By Joe Levi | February 10, 2014 7:24 AM
Generally speaking, whenever Apple introduces a product, many claim it to be “perfect”. This always strikes me as odd when a new iteration comes along, and somehow “improves” on the previous one (which was supposed to have been “perfect”). One thing that was “missing” from Apple’s phone offering until recently was a “low priced” device. When the iPhone 5C came out, many saw a new era of low-priced iPhones in the not-too-distant future. That future has thus far failed to materialize.
When it comes to smartphones, adding a splash of color not only makes otherwise “bland” devices more “pretty”, but it also adds a personal touch. In the past, Apple users have been forced to customize their devices with cases — which third-party manufacturers are more than happy to produce and sell en masse. With Apple’s introduction of the iPhone 5C, the requirement for every user to purchase an accessory to add color was eliminated — only it wasn’t.
At the same time Apple released the iPhone 5C, the company also released the iPhone 5S. The differences, other than color, were a disappointment. People wanted the latest and greatest iPhone, but wanted it in various colors as well. They didn’t get it. Instead, they got a “cheap iPhone”.
Unfortunately, this “cheap” phone is anything but. The 16GB version costs US$549, and upping it to 32GB adds another hundred bucks to the sticker price. Some will still claim they can get it for $99, but that’s carrier subsidized. In other words, you’re paying for your phone by over-paying for your monthly cellular service — and a lengthy contract.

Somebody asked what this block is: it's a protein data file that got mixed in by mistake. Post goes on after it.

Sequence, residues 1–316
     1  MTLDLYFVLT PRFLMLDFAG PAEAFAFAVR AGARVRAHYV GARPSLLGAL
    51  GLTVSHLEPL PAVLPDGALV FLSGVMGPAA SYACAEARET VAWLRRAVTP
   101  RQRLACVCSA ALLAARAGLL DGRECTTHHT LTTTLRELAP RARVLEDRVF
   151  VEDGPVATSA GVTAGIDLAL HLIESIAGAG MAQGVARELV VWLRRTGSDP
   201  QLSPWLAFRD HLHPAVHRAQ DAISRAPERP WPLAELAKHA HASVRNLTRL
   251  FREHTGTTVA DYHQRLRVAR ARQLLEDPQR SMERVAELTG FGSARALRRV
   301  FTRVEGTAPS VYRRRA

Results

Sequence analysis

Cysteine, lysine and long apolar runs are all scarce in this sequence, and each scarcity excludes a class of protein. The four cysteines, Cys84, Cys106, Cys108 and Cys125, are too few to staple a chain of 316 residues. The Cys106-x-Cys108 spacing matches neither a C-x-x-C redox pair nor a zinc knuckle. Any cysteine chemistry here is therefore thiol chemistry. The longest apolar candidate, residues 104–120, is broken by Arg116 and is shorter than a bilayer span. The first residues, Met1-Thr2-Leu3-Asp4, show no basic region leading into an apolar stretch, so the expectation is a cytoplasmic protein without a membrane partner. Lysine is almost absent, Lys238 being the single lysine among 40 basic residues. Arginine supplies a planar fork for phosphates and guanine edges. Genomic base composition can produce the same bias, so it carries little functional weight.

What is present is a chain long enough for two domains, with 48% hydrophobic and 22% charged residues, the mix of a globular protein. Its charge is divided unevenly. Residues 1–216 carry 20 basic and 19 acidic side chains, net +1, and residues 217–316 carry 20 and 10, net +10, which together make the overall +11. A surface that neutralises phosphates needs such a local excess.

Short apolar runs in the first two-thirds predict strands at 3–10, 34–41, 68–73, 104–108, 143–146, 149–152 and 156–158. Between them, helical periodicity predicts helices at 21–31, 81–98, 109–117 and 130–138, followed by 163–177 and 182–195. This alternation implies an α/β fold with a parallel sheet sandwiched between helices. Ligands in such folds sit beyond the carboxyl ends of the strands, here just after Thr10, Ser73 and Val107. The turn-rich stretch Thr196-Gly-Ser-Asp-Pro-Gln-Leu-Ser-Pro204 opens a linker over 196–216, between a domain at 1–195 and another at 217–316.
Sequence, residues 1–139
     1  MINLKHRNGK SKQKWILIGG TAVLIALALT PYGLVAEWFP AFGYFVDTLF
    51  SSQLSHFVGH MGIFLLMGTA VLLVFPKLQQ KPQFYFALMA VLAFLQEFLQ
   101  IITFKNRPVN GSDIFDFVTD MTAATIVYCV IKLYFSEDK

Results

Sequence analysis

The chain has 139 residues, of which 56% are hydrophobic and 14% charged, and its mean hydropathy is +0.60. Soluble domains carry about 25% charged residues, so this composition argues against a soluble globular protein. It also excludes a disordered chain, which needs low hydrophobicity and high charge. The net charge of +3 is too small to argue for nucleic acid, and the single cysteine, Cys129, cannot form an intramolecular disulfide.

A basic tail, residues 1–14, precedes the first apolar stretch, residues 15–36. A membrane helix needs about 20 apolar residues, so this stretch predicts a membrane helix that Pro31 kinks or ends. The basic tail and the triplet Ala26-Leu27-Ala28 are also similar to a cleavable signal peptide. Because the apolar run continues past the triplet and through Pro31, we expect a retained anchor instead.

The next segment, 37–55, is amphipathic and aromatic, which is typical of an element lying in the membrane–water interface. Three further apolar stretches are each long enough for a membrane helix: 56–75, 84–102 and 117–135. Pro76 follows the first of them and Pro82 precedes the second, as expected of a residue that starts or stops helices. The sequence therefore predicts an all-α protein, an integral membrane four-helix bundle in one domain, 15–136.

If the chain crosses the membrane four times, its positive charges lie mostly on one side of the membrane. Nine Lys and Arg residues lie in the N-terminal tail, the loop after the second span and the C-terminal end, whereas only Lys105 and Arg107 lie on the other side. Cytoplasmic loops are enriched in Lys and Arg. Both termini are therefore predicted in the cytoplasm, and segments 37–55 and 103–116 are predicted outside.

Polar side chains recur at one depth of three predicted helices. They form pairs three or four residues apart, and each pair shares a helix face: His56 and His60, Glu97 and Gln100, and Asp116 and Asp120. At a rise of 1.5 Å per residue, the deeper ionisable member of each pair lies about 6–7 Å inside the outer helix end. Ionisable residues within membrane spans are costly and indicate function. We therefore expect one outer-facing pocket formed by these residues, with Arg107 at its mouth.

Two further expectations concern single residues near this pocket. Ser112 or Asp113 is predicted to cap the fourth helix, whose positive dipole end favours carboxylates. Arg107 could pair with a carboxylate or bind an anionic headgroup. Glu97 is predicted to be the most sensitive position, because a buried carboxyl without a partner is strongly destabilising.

Meanwhile, Google had been experimenting with a new approach: selling a flagship device at a relatively inexpensive price point. The Nexus 4 it was only available in black, but Google introduced a second color with the Nexus 5: white. I’ve really enjoyed my white Nexus 5.
Google’s flagship phone, unlike Apple’s “cheap” phone, really is relatively inexpensive. For under $350 you can pick up the 16GB Nexus 5, and an extra fifty bones will nab you one with double the storage space. The really interesting thing, it’s now available in three colors: black, white, and red. Sure, that’s still two fewer colors that you can get if you opt for iOS over Android, but for the price, I think you’ll be happy with a couple less choices.
That’s not even the point of comparison though. We’re talking about one company’s top-of-the-line device, compared to another’s “entry-level” version. Once we start comparing apple to apples (if you’ll pardon the very deliberate pun), the Nexus 5 compared to the iPhone 5S, the price difference jumps even more: $649 and $749 respectively. If you ask me, that’s just insane.
Red Nexus 5 Versus iPhone 5C
The iPhone 5C isn’t exactly flying off the shelves. People realize that it’s last-year’s specs wrapped up in a colorful plastic shell — and they don’t want it. They’re either saving money by going with last-year’s model (the iPhone 5-proper), or to this year’s iPhone 5S… leaving the poor iPhone 5C abandoned. Unwanted and unloved.
Google, on the other hand, has a much better price point for its flagship, and is now offering it in a very brilliant color. You can’t get much more bold than red! As a matter of fact, it’s so popular that it’s already sold out. Who knows if Google and LG will offer other colors like blue and yellow. They don’t really have to. They’ve already proven than the “right” way to offer variety in bold colors is to offer it on their flagship — not by trying to create some Frankenstein device that nobody really wants. It’s a great lesson to be learned, and Apple would be wise to stick to what it knows best: selling a single flagship at full price, and last-year’s model at a discount.
For the rest of us, we’re happy buying our unlocked, flagship phones, and even happier to know that we can have bold colors without sacrificing specs.